This is the time of the year when days are short and the sunny season feels further away than the Moon. Friday night was Burns night, a good excuse for restaurant and bars to offer some good Scottish entertainment: bagpipes and haggis, a type of food that you do not want to know where it comes from or how it is prepared.
If you are looking for an equivalent in the Italian culinary tradition, think Trippa (a type of edible offal from the stomach of various farm animals) or think about the way the pig is treated by the northern Italian cooking history (you eat every single part of it).
I like it, certainly better in its vegetarian version, lighter and easier to digest.
Few days ago I was running out of ideas for supper and the only veggie left from the Abel and Cole box was turnip. Turnip? I would call it a mysterious vegetable. I had to look it up on line, and discovered that it belongs to the same family of carrots and potatoes, but it is nota s popular and well known as the other ones.
If are British, you will probably know how to cook this vegetable. For all the others, take a look at this link, if you want to make some usage of it. http://www.guardian.co.uk/lifeandstyle/2010/jan/22/seasonal-food-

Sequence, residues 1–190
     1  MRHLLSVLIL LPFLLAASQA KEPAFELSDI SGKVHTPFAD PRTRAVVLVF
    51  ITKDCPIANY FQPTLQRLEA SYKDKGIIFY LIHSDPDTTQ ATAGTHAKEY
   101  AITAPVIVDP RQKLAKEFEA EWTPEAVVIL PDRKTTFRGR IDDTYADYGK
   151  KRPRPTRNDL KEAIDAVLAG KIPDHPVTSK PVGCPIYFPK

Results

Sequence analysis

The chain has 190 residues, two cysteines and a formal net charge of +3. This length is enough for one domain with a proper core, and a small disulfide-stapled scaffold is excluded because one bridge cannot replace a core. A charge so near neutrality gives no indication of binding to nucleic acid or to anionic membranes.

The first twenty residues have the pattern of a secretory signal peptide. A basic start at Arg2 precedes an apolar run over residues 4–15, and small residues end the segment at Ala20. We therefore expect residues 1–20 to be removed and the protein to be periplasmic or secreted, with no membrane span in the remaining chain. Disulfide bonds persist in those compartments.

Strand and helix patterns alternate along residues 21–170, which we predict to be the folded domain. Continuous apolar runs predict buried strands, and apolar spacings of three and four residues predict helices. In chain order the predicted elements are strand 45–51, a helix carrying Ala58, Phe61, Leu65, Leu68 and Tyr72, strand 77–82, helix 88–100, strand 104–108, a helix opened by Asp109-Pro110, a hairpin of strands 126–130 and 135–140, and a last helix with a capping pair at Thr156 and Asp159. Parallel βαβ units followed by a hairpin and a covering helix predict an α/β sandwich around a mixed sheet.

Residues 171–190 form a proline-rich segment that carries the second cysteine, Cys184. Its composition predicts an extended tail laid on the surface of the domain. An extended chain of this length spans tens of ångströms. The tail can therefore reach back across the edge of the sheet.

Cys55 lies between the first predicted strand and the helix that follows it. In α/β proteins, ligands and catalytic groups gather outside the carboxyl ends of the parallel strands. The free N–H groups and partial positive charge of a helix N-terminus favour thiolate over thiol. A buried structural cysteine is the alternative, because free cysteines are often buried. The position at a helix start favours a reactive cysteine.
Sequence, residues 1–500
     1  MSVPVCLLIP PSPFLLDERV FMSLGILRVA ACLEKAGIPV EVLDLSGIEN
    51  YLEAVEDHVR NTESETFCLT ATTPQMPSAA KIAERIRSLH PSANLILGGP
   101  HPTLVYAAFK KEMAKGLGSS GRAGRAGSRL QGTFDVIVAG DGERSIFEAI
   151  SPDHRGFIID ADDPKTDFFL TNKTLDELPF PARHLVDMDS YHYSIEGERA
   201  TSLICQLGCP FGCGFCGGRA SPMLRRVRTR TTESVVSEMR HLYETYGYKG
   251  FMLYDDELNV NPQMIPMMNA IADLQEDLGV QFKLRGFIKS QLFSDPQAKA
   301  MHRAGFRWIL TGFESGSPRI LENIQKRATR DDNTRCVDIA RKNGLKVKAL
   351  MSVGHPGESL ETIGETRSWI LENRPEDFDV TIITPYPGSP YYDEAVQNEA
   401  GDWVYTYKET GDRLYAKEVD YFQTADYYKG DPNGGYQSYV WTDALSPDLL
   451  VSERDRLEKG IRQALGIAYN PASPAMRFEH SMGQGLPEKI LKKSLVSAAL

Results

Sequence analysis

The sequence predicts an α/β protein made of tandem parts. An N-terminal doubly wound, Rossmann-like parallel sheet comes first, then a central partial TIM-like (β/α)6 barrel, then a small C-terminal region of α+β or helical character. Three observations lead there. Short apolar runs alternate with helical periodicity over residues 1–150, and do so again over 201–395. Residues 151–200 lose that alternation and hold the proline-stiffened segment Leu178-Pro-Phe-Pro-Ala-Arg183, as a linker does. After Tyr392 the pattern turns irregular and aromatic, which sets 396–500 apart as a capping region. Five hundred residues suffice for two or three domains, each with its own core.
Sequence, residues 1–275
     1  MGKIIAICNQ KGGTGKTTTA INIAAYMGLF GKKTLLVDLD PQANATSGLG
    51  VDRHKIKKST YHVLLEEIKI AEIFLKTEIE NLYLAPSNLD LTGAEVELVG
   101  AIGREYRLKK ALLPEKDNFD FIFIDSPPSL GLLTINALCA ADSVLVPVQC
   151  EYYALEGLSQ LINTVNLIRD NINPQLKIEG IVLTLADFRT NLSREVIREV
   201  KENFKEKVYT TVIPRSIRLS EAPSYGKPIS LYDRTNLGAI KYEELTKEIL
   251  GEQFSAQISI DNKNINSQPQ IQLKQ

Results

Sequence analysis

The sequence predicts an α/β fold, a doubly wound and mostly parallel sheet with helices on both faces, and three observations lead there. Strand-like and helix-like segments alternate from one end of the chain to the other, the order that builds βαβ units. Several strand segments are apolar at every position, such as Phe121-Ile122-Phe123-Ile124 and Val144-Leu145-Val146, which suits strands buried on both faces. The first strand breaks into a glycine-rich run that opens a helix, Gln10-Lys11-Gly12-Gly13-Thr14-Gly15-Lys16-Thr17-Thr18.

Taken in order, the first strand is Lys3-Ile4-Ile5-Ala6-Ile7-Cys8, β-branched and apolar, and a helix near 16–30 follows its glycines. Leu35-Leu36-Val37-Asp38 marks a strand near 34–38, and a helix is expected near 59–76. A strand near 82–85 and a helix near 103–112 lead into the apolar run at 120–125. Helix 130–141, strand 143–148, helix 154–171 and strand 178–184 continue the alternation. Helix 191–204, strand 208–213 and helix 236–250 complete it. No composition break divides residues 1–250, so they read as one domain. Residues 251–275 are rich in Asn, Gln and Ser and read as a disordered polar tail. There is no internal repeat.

How did I cook it? I made a gratin, following the potatoes dauphinoise recipe, sans beacon and cream, adding Philadelphia instead.
The Lord appreciated this supper and didn’t complain for the lack of animal fat in the turnip gratin. We are not in the Highlands, where you need fat to keep you warm and jump around to perform Scottish dance – the only form of dance that he can perform. He clearly has some Scottish blood.
And probably so do I. Otherwise I wouldn’t explain my expertise when it comes to tartan. I grew up wearing pleated skirts, tartan trousers, Montgomery coats with Scottish patterned linings. I really like it. In moderation.
I found plenty of ideas and styles at www.fabricsandpapers.com. In tartan we trust.